NICHOLS, Iowa–Work continued this month on a proposed ATV and UTV ordinance for the City of Nichols. The Nichols City Council first proposed instituting their own ATV and UTV ordinance after Muscatine County updated their ordinance.
In their draft of the ordinance, the Council decided on several regulations. The City would require all ATV and UTV owners, including those who have golf carts, to have their vehicles registered and inspected. ATV and UTV owners would register their vehicles with the Iowa Department of Natural Resources and golf cart owners would purchase a city registration sticker, valid for one year. If the ordinance passes, ATV and UTV owners will have to schedule a time to have the city inspect their vehicle to make sure it has working lights and brakes, a safety flag and slow moving vehicle sign, and the proper registration sticker. Owners would also need to show their driver’s license and proof of insurance at this time.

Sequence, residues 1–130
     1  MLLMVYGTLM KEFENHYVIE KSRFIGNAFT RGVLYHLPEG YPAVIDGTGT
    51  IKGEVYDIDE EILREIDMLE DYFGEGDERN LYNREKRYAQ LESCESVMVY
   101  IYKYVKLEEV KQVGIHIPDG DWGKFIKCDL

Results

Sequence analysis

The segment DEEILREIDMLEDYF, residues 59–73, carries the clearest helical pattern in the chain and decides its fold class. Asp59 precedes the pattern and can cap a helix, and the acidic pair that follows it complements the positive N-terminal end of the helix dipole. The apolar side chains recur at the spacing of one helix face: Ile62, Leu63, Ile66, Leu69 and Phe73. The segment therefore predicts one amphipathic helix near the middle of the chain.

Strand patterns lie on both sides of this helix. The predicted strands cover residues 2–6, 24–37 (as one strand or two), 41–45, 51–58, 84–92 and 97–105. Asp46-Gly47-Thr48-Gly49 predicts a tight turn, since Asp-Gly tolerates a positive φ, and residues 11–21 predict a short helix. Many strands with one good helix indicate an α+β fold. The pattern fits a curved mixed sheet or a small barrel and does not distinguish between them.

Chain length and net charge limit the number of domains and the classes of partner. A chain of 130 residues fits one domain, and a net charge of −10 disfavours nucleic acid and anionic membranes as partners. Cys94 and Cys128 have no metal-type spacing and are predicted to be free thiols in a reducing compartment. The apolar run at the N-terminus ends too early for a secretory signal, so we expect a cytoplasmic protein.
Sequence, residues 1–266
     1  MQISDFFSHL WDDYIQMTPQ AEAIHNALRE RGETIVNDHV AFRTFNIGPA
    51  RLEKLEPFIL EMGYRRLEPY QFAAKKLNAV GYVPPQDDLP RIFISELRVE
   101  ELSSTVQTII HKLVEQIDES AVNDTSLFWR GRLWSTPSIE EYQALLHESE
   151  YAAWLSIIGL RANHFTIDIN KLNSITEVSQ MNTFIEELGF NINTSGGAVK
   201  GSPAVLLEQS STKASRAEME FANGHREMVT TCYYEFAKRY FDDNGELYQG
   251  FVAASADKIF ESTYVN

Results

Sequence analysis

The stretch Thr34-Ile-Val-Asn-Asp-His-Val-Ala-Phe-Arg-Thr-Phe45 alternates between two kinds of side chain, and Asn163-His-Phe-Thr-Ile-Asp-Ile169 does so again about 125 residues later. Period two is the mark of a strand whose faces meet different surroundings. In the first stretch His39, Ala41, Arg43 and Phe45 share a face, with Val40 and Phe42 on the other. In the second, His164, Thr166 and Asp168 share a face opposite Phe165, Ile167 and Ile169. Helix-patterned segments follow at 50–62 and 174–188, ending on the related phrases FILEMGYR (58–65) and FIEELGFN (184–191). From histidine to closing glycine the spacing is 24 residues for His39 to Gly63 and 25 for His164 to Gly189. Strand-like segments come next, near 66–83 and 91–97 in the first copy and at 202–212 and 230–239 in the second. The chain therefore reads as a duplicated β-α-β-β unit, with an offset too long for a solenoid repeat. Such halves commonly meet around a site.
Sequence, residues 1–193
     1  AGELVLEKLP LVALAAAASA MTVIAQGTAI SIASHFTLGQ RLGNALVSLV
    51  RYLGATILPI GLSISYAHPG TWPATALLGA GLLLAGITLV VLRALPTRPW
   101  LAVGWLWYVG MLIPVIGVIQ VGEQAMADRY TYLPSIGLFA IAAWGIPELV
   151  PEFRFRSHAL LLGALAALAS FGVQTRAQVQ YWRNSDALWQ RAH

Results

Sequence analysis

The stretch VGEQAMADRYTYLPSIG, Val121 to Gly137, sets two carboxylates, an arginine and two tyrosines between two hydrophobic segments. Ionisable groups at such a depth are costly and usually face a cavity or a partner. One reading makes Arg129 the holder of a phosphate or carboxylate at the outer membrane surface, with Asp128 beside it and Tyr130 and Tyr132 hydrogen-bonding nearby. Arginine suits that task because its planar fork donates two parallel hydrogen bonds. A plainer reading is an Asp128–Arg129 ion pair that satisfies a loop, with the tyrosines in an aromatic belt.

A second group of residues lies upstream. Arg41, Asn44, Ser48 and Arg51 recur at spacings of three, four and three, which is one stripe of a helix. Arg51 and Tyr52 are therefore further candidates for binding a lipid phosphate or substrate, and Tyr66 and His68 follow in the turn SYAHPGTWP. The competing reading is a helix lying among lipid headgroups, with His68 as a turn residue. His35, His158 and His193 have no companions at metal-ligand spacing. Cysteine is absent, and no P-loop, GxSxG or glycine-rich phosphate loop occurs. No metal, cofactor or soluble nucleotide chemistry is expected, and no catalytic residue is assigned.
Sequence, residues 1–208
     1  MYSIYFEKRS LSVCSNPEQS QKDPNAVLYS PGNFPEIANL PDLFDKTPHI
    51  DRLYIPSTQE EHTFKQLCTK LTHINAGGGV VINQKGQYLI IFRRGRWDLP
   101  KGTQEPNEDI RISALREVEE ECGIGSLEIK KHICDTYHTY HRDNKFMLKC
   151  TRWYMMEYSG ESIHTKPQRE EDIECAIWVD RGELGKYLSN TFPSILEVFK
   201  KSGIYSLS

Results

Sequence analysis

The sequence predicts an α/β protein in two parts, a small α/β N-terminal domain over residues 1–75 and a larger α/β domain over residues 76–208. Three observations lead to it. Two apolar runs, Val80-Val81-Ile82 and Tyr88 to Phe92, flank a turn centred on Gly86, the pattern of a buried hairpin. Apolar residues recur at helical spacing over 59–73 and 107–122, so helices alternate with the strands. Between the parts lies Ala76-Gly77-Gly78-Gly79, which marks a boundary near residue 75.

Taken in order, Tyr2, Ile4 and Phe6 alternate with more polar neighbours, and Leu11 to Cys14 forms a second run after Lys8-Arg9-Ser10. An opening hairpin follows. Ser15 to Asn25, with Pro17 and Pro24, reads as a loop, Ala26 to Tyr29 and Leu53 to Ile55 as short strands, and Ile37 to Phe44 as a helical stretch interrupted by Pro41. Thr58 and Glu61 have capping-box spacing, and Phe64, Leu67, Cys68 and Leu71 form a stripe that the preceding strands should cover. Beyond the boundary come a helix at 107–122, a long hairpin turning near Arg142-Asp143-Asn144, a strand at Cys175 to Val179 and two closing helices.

For the safety of ATV and UTV riders and other motorists, the ordinance would also set the times people can use their vehicles during. The Council proposed allowing ATV and UTV use all year long between the hours of 7 a.m. and 11 p.m. They may consider exceptions for those using their vehicle to get to and from work.
Currently, the ordinance remains in draft form. It will need to go through three public readings before the Council can codify it into law.
Ahead of the mayoral and city council elections in November, Secretary Treasurer Aeneas Schmitz reminded anyone interested in running for office to turn in their paperwork to him to notarize and deliver to the Muscatine County Auditor before Aug. 27. Schmitz also discussed the possibility of making an ordinance to make Nichols a petition city instead of a primary city, eliminating the need to possibly hold a primary election if more than a certain number of candidates run for office at once.
The Council also had a second public hearing on raising solid waste rates from $21 per month to $23 per month. The hearing closed with all ayes and will move to a third public hearing in September, as fewer than three quarters of the council attended the August meeting.